News Corp. Did Not Do the Horrible Thing It Basically Admitted Doing

Whoops! Remember when Rupert Murdoch's News of the World was revealed to have illegally listened to the voicemails of teen murder victim Milly Dowler? And how the bastards actually erased the voicemails, leading Dowler's family to falsely believe that their little girl was still alive and checking her messages? And how Murdoch killed off NOTW in shame and a panicked attempt to avert scandal when it all came out? Well, there's a slight wrinkle.

They didn't actually erase the emails. Testifying before an judicial inquiry into British tabloids yesterday, a lawyer for the Metropolitan Police claimed that—contrary to the Guardian's blockbuster story last summer, which sparked the conflagration that became Hackgate— Dowler's voicemails were likely erased automatically by her cellphone provider, as opposed to ruthless NOTW reporters. The original Guardian report, which didn't attribute the allegation to any sources but merely asserted that the voicemails were deleted by NOTW reporters, accused Murdoch's reporters of confusing investigators and "potentially destroy[ing] valuable evidence."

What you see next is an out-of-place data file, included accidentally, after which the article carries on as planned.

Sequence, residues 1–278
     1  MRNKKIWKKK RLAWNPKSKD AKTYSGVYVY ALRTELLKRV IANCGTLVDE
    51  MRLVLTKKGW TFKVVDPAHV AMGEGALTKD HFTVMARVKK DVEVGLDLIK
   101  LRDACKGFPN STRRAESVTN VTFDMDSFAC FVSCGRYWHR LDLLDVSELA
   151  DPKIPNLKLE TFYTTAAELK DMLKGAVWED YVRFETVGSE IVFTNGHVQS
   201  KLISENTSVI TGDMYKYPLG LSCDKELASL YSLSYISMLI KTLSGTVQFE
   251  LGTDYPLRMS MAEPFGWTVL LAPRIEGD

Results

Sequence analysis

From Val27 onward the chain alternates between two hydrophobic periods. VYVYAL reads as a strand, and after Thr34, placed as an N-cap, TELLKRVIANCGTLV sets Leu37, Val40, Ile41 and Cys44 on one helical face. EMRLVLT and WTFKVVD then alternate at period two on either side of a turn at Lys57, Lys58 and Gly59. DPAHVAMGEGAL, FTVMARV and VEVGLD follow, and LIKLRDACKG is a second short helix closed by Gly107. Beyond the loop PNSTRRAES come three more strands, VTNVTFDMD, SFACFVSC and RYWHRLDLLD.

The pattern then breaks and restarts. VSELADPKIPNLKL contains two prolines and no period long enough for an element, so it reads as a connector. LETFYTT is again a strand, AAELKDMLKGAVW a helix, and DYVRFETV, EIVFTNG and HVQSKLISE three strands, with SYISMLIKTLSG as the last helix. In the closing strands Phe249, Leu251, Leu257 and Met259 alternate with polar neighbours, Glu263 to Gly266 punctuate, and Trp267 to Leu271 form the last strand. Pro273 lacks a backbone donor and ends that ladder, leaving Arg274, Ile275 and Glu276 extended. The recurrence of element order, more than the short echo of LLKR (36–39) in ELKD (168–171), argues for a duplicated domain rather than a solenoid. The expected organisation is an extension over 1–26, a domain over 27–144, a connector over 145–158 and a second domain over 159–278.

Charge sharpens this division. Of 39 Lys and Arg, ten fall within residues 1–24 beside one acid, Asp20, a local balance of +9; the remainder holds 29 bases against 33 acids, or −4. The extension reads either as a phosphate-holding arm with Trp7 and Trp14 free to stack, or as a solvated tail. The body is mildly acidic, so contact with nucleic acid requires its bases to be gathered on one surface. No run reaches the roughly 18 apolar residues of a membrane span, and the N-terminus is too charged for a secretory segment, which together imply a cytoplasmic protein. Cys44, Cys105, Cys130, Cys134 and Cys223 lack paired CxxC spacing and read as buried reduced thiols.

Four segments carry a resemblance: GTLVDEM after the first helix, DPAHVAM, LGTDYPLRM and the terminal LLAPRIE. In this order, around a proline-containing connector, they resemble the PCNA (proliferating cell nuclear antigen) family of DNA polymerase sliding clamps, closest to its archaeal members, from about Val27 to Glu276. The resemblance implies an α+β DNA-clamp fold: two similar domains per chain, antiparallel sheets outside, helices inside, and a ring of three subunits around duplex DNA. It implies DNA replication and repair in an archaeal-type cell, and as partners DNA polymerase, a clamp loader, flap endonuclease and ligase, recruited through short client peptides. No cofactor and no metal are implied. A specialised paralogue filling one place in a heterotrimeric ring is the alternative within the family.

While the simple act of hacking alone was enough to cause outrage, it was the alleged deletion that inspired a frothy rage in Murdoch's detractors (including us). And Murdoch's drastic reaction of shutting the whole thing down was seen as a tacit admission that the worst was true.

Anyway, it's probably not true. Isn't it horrible when false newspaper stories have negative consequences, Rupert Murdoch?

[Image via Getty]